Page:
On May 21, westerly winds blow Howe’s fleet off station, giving Villaret a chance to breakout. The French commander weighs anchor and heads into the open sea. He hopes to avoid battle if possible, while keeping his ships between Howe and the convoy. It’s a wise strategy considering many of his sailors are novices; many are too seasick to even perform their tasks. Worse, his ships lack carronades. The squat, short-barreled guns are used to smash enemy vessels at close range. His gunpowder is also inferior to the British product.
Howe sets off in pursuit, but bad weather and uncertainty over Villaret’s course delay contact for at least a week.
Finally, on May 28, the French Fleet is sighted through a blanket of mist and fog. Lookouts report 25 warships — exactly the same number of vessels in Howe’s fleet. The British admiral forms his squadron into line of battle; the French follow suit. He next orders a general chase. Howe intends to engage the rear of the French formation, breaking their line, while bringing at least two British ships to bear on each French vessel.
With squalls and heavy swells, it is not until mid-afternoon that the lead British ship, Bellerophon, 74 guns, engages the mighty 110-gun Revolutionaire. The French behemoth is separated from the French fleet, but puts up an obdurate and surprisingly effective fight against six British ships. The vessels trade broadsides for four hours and by nightfall, Revolutionaire is dismasted. Rolling badly, her decks are awash with the blood of 400 of her 1,000-man crew. Still, she has not surrendered. Two British ships are badly damaged and out of action. Night and fog bring an end to the engagement but fighting resumes anew on May 29.
Howe’s flagship, HMS Queen Charlotte, and Bellerophon pierce the French line and cut five ships off from the main body. The fighting is fierce but inconclusive. Villaret shows surprising skill in rescuing the separated ships and not a single French vessel strikes her flag.
Fog and filthy weather prevent any fighting on May 30 and 31. Both sides use the time to make badly needed repairs and Villaret continues to sail south, drawing Howe farther away from the American convoy.
The Battle Continues
June 1 dawns crisp and clear and the heavy swells diminish to manageable proportions. Battle erupts once more as the vans of the two fleets engage. Fighting spreads down the line and the engagement becomes general. The Queen Charlotte penetrates the French line, passing the stern of Villerat’s flagship, the gigantic 120-gun Montaigne, and for a brief moment the two commanders spot each other through their spyglasses.
The British do not follow their traditional practice of shooting only at the hull but fire every other broadside into enemy rigging. Three other ships engage the Queen Charlotte and she is so badly damaged that Howe considers abandoning her and transferring his flag to another ship. Four British ships penetrate the French line but the rest are so severely hurt that they sheer off.
The fight between HMS Brunswick and Vengeur du Peuple epitomizes the ferocity of the wider battle. As the British vessel tries to breech the French line, the Vengeur moves to block her. The two ships collide and their spars and rigging become entangled. Locked in a bloody embrace, they drift south, out of the line of battle, fighting their own private war.
The two hulls are pressed so tightly that gunners cannot open the gun port lids and simply blow them off. British Captain Harvey is wounded three times. He’ll later lose an arm to amputation. Sharpshooters in the tops of both ships sweep the decks as the cannons blast away into hulls for three hours. Twenty-three of Brunswick’s guns are shot clear off their carriages; all of her masts are shot away. Forty of her crew are killed in the melee, and 113 are wounded. Brunswick suffers the highest casualties of any British ship in the battle. Captain Harvey dies a month later of his wounds.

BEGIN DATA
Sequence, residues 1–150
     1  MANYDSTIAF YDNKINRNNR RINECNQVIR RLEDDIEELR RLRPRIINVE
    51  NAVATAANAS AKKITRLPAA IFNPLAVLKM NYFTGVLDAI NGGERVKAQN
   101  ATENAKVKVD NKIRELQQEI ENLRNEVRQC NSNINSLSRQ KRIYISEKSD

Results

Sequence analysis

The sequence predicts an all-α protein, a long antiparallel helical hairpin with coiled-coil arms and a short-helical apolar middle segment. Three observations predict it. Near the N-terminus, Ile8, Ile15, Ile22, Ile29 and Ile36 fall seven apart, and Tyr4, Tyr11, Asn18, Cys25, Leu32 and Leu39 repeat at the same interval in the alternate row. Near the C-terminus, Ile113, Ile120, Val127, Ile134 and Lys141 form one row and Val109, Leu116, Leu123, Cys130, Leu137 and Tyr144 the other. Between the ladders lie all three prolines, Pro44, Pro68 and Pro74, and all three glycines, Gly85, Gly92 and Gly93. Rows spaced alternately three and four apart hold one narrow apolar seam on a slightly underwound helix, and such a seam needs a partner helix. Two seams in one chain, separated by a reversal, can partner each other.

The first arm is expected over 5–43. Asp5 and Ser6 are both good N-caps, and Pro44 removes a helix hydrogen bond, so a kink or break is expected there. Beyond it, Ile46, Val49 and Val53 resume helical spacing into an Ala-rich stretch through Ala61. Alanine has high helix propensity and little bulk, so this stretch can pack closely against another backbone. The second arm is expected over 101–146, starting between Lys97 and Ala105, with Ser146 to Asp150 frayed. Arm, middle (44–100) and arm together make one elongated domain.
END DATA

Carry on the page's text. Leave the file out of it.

Things are worse on Vengeur. Three quarters of the crew is down. The French ship is so badly holed that she begins to sink, a rarity in the age of sail. A vessel might succumb days later from battle damage but one seldom went down after a three-hour battle. No longer a threat, the Brunswick’s crew scramble to rescue their former foes. Although at least 250 perish with the ship, many are saved.
Winners and Losers
By nightfall, Villaret breaks off the engagement. Despite suffering horrendous loses, he has accomplished his mission; he has kept the British away from the convoy. No French ship surrenders until they see Villaret is abandoning them. Six ships eventually strike their colours.
Eleven British vessels are partly or wholly dismasted in the action. Howe is so exhausted from a week with very little sleep that he collapses at the battle’s end.
British casualties are 1,200; French losses are estimated at 4,000. An additional 3,000 sailors are prisoners of the British.
Howe’s battered fleet returns home to cheers and huzzahs and Britain erupts in a frenzy of celebrations. All of the fleet’s first officers are promoted to commander; all are awarded shares of prize money for the vessels that are captured.
Nicholas Pocock, a passenger aboard one of the British ships, paints a number of pictures of the battle. An experienced sea captain and a skilled artist, his life-like depictions of the fighting ushers in a whole new era of extreme realism in military maritime art that continues throughout the Napoleonic Wars.
Villaret returns home to approval but no glory. He is criticized for losing seven ships, even though his actions enabled the food convoy to reach Brest unmolested. The shipment is distributed throughout France over the next six weeks, staving off mass starvation and saving the Revolution from collapse.
The British eventually dub the victory the Glorious First of June. Having been fought 500 miles from the nearest cape or headland a more apt name for the battle fails to emerge. The clash is not only the first major naval engagement of the Napoleonic Wars, it is the longest and hardest fought; nothing at all glorious about the sheer volume of blood that’s spilled, The French merely refer to it as The Third Battle of Ushant.
The British claim it as a great victory and certainly the tactical triumph was theirs. But the strategic victory belongs to Villaret and that is of far greater moment. His job was to protect the convoy and he did so. He may have lost a battle but he saved a nation.
John Danielski is the author of the Pennywhistle Quartet, a series of novels set in the Napoleonic period. These include: Active’s Measure, The King’s Scarlet, Blue Water, Scarlet Tide, and Capital’s Punishment. Danielski has worked as a living history interpreter at Fort Snelling, a journalist and has taught history at both the secondary and university levels. Visit his website here.